My limited knowledge of chess and even more limited desire to venture out of my Netflix comfort zone meant that I spent almost a month after The Queen’s Gambit release in October largely ignoring it, instead opting to scroll past its steady spot in the ‘Top 10 in the U.S. Today’ section on my way to queue up The Office reruns for the thousandth time. So when I finally started the series, I was both surprised and thoroughly embarrassed I hadn’t started watching sooner. Yes, The Queen’s Gambit is about chess—the series follows Elizabeth “Beth” Harmon from her days learning chess from a janitor in the basement of Methuen Home orphanage all the way through her meteoric rise to the top of the male-dominated chess scene of the 1960s—but it’s not just about chess.
The Queen’s Gambit depicts a young woman growing up, chasing down big dreams, and overcoming obstacles—and you don’t need to be a grandmaster to appreciate any of those things! Here are just a few of the applicable reminders and life lessons this series crams into seven episodes.
Warning: spoilers for The Queen’s Gambit ahead.
1. Do not write someone—or something—off too early
Beth’s chess career seems stacked against her from the beginning because of her gender. The first time she watches chess at the orphanage, she is told that girls don’t play. Later, after she is adopted, her mother tries to deter her from the game suggesting dance class or girl’s club instead. At her first chess tournament, she is told there isn’t a dedicated women’s section and to play as a beginner. Even at the height of her career, she is striking down accusations that she is “too glamorous to be a serious chess player.”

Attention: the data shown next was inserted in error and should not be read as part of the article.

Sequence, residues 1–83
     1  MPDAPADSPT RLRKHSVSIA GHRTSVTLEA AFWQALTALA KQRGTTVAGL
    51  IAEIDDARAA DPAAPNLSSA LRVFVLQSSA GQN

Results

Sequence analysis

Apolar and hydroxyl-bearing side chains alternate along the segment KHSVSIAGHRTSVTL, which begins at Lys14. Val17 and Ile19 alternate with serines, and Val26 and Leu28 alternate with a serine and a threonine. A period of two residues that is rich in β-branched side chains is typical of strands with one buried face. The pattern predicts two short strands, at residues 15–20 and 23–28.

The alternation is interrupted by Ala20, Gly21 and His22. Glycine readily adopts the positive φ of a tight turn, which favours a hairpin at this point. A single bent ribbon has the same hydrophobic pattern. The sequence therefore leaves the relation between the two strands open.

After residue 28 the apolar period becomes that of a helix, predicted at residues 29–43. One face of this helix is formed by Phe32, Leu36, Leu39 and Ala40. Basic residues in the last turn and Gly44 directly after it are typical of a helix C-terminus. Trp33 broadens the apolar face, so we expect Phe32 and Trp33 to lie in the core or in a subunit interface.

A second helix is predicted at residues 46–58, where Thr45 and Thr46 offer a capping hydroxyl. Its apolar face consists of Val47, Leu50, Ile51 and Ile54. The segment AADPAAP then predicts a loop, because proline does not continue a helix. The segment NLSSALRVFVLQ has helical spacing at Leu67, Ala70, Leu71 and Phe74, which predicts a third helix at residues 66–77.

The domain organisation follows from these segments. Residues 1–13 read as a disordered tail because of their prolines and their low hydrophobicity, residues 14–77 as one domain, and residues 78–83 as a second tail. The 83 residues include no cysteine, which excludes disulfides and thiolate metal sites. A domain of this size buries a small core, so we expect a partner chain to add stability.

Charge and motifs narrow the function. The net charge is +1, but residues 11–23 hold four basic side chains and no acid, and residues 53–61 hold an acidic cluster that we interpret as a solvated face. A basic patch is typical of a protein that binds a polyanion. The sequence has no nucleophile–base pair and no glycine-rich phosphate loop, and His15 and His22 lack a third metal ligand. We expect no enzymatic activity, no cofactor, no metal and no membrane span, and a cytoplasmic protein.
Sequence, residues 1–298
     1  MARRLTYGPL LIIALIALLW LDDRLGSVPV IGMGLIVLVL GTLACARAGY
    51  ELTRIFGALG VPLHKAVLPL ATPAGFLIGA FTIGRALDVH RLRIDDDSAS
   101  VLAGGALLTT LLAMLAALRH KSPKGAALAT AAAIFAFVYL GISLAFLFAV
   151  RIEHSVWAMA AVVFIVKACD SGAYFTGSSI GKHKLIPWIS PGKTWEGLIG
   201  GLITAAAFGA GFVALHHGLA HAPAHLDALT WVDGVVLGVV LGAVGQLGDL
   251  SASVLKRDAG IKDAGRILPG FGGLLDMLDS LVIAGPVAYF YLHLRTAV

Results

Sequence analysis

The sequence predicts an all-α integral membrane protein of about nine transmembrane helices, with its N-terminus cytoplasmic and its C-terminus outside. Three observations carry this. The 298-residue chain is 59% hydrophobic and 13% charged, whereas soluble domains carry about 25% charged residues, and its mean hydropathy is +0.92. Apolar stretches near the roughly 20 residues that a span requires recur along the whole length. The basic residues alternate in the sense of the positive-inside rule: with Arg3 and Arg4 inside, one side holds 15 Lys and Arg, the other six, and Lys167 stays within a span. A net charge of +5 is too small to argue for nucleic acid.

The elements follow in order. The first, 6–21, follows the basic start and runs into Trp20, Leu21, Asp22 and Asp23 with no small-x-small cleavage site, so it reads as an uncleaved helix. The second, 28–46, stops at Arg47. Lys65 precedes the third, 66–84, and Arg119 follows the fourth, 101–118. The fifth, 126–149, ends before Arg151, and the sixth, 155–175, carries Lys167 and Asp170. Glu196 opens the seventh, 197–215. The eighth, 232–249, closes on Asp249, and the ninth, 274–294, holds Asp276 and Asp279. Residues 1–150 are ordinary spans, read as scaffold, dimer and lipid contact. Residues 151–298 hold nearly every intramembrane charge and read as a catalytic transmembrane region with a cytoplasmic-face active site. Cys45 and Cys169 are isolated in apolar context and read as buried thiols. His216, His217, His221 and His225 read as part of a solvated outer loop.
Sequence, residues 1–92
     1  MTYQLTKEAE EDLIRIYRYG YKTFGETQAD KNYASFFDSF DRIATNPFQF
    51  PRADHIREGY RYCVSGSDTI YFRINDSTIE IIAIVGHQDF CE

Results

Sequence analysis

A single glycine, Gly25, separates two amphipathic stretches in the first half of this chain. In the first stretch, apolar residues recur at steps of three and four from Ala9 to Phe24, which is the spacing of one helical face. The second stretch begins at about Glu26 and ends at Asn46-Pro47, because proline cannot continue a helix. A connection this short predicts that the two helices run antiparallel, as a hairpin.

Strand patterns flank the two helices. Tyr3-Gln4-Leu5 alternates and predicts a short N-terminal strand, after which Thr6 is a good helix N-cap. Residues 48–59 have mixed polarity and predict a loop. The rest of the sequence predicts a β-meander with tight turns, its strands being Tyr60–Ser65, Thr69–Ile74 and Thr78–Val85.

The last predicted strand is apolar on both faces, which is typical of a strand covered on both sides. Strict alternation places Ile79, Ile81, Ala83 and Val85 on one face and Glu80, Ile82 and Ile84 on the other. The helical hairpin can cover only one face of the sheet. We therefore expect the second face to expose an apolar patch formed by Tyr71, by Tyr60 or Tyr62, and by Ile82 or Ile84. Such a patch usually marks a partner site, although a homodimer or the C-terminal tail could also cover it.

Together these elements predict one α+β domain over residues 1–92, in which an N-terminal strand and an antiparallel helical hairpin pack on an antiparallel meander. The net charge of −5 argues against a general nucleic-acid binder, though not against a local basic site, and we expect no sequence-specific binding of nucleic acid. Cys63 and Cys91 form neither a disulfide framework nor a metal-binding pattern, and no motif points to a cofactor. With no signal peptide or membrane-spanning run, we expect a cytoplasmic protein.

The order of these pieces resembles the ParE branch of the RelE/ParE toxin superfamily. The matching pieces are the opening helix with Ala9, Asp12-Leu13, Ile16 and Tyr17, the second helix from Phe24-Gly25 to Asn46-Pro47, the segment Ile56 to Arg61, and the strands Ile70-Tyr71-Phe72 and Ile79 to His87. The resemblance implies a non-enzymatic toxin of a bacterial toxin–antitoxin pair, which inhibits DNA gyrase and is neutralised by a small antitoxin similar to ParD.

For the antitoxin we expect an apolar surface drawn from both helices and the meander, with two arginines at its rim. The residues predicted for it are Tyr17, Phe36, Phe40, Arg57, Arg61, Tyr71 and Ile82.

As a viewer, it’s frustrating and exhausting to watch Beth have to prove herself again and again. The frustration only grows when you consider that—despite the show being based on a fictional book and set 60 years ago—similar scenes still play out on a very real scale all the time.
Take it from the girl who admitted to stereotyping this very show just paragraphs ago: It’s easy to make snap judgements and stereotypes. What’s hard is taking the time and energy to challenge your own views and keep an open mind. But hey! If it leads to finding your next Netflix binge, I’d say it’s pretty worthwhile.
2. Don’t worry about fitting into a mold
From her stern poker face all the way to her brown shoes with brown laces, Beth’s character isn’t the typical female heroine. While her high school classmates are hiding between library shelves kissing boys, Beth is scouring the same shelves for chess books. While the girls at social club sing along to every word of the song on TV, Beth doesn’t know it well enough to join in.